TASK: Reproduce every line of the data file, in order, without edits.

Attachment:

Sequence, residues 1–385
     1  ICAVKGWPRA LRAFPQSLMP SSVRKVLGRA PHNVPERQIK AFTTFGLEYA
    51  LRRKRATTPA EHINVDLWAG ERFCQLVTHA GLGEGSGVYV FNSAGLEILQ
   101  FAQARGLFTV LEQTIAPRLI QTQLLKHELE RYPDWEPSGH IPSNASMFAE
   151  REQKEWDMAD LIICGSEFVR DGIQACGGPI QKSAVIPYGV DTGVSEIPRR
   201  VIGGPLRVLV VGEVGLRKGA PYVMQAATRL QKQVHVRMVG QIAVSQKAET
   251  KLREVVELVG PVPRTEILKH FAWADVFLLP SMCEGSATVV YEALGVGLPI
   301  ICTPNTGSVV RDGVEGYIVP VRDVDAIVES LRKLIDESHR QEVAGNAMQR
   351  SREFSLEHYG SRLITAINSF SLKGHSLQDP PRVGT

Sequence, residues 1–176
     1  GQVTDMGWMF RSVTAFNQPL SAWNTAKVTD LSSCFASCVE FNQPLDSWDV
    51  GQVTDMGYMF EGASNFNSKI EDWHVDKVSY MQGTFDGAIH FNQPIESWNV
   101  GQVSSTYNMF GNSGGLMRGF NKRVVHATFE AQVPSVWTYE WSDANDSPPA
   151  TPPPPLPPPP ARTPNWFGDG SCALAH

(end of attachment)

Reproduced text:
Sequence, residues 1–385
     1  ICAVKGWPRA LRAFPQSLMP SSVRKVLGRA PHNVPERQIK AFTTFGLEYA
    51  LRRKRATTPA EHINVDLWAG ERFCQLVTHA GLGEGSGVYV FNSAGLEILQ
   101  FAQARGLFTV LEQTIAPRLI QTQLLKHELE RYPDWEPSGH IPSNASMFAE
   151  REQKEWDMAD LIICGSEFVR DGIQACGGPI QKSAVIPYGV DTGVSEIPRR
   201  VIGGPLRVLV VGEVGLRKGA PYVMQAATRL QKQVHVRMVG QIAVSQKAET
   251  KLREVVELVG PVPRTEILKH FAWADVFLLP SMCEGSATVV YEALGVGLPI
   301  ICTPNTGSVV RDGVEGYIVP VRDVDAIVES LRKLIDESHR QEVAGNAMQR
   351  SREFSLEHYG SRLITAINSF SLKGHSLQDP PRVGT

Sequence, residues 1–176
     1  GQVTDMGWMF RSVTAFNQPL SAWNTAKVTD LSSCFASCVE FNQPLDSWDV
    51  GQVTDMGYMF EGASNFNSKI EDWHVDKVSY MQGTFDGAIH FNQPIESWNV
   101  GQVSSTYNMF GNSGGLMRGF NKRVVHATFE AQVPSVWTYE WSDANDSPPA
   151  TPPPPLPPPP ARTPNWFGDG SCALAH